Last night I was at Dallas .NET User Group meeting where Tony Sneed of DevelopMentor made a presentation on WCF RIA Services called “Turbocharge Silverlight Development with WCF RIA Services“. I had read about this new technology before, but never had the time to play with it.
The presentation turned out to be pretty cool. I think WCF RIA Services provides a very neat way to design n-tier apps without much hassle as it takes care of much of the heavy lifting for you providing very easy data validation, authentication, and role-based security amongst other awesomeness. Also through code projection it automatically allows shared code between UI and the service tier, which makes it easy to write code once and use it cross-tier. While WCF RIA Services can be used with any front-end, e.g. WinForms and ASP.NET, it really shines when combined with a Silverlight front-end. The best part of the technology is automatic batch updates, which is really neat.
Download and Install
- Install WCF RIA Services for Silverlight 4
- Install WCF RIA Services SP1 Beta for Silverlight 4
Developer Express and Microsoft provide a new version of CodeRush licensed exclusively for C# developers working in Visual Studio. The new product is called CodeRush Xpress, and it includes a slew of useful features to boost your productivity under Visual Studio.
You can download CodeRush Xpress here.
Perhaps the best kept secret (or at least the least discussed feature) of Visual Studio 2005 is the client-side reports. Client-side reports consists of the Report Viewer Control and it’s accompanying Report Designer that comes standard with Visual Studio 2005 Professional and up.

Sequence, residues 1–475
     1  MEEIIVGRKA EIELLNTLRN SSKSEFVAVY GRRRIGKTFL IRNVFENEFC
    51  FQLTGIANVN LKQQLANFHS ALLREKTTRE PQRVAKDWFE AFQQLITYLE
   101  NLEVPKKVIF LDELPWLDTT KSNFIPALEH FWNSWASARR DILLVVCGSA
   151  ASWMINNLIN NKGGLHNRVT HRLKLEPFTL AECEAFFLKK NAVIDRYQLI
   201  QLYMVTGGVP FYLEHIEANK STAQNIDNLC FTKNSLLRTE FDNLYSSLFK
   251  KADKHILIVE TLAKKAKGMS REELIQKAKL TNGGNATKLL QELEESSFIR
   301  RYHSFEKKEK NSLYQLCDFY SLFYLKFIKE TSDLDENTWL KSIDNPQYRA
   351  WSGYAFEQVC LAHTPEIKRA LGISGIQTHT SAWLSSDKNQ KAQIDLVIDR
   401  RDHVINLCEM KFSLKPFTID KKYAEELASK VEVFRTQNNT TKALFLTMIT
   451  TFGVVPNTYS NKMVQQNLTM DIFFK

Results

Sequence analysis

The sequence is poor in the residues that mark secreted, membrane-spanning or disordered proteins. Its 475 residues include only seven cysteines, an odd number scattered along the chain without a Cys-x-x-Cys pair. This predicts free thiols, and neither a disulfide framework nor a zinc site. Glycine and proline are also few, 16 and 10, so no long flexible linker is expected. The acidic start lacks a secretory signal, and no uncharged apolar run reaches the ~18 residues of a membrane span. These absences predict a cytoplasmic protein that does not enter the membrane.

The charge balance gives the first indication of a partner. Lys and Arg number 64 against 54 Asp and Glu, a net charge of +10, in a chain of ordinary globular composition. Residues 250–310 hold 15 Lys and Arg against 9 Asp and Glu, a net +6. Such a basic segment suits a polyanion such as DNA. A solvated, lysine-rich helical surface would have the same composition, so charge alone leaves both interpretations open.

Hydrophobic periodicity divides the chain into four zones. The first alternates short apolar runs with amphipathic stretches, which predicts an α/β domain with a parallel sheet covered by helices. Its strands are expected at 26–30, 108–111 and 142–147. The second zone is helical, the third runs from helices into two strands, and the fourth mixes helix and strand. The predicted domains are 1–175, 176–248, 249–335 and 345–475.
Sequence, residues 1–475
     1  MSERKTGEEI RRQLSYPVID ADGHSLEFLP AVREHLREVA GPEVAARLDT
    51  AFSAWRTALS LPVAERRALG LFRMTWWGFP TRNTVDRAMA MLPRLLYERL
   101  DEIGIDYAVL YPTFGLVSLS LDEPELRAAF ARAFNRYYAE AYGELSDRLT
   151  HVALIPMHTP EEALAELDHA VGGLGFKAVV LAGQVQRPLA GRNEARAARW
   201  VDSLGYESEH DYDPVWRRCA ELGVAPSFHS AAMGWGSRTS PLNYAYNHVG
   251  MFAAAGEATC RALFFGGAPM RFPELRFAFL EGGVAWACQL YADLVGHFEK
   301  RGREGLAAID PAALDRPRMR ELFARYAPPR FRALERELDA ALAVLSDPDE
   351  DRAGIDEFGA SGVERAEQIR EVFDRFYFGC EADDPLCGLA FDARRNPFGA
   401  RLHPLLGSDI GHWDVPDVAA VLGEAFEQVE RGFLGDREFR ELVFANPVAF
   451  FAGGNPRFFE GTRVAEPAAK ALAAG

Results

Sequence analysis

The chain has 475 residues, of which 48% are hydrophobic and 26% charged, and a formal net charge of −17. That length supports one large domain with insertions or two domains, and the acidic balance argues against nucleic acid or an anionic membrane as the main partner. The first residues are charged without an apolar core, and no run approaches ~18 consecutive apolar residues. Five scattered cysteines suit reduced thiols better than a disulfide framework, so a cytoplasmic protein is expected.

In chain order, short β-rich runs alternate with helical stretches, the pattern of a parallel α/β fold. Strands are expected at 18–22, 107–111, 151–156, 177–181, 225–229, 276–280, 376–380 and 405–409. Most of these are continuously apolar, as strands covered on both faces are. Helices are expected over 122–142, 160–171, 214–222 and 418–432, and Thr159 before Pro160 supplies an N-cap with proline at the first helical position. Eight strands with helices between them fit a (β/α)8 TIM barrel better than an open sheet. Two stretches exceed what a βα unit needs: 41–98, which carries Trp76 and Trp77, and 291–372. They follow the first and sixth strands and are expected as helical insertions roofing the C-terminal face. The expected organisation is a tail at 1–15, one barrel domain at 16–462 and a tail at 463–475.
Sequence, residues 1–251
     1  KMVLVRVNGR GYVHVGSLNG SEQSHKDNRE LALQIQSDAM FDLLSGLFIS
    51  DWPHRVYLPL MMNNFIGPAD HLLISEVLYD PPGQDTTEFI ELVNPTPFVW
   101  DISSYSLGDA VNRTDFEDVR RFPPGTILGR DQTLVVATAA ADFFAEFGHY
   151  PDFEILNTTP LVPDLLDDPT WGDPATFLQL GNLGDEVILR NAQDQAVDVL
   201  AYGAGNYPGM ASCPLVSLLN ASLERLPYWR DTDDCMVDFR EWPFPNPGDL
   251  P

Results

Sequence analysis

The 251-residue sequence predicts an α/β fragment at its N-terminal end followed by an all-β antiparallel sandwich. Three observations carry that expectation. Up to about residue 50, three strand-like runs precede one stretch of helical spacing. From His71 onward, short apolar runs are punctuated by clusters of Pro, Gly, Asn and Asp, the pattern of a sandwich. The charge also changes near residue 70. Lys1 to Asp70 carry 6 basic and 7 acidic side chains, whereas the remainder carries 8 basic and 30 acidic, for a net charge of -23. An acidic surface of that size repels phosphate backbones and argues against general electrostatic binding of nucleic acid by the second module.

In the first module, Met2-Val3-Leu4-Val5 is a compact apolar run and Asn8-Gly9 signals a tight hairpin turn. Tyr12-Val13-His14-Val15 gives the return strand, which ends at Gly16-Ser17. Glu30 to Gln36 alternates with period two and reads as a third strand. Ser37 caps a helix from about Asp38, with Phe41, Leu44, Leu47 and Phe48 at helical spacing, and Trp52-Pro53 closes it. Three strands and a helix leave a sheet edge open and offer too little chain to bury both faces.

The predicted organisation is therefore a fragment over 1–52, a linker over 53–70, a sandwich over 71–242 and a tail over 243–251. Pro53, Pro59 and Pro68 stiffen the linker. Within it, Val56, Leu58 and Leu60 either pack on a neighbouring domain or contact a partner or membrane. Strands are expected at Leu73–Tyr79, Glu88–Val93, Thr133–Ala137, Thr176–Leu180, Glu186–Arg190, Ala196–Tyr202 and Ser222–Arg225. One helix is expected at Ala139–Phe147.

This feature can be used to develop ASP.NET or WinForms solutions that sport SQL Server Reporting Services style reports, without having to deploy those reports to a Reporting Server. Reports are deployed as RDLC files with your solutions. In fact one doesn’t even need SQL Server, since these reports can be programatically bound to objects such as DataSets, a huge plus for ditributed n-tier designs where the UI layer does not have direct access to the data store. This also means that one can use any imaginable back-end data store including XML and CSV files as long as data can be loaded into binable objects.
The report viewer control is similar to Reporting Services report viewer, with nifty features such as paging, searching, and export (PDF, Excel, CSV) features. My only complain with the ASP.NET version of the report viewer is that it does not directly support printing. Reports have to be exported to PDF in order for one to print. This was a gotcha with the first versions of Reporting Services report viewer as well, but later they added printing support to the control (perhaps through ActiveX) in Reporting Services SP1.
You can find more information about this feature at GotReportViewer.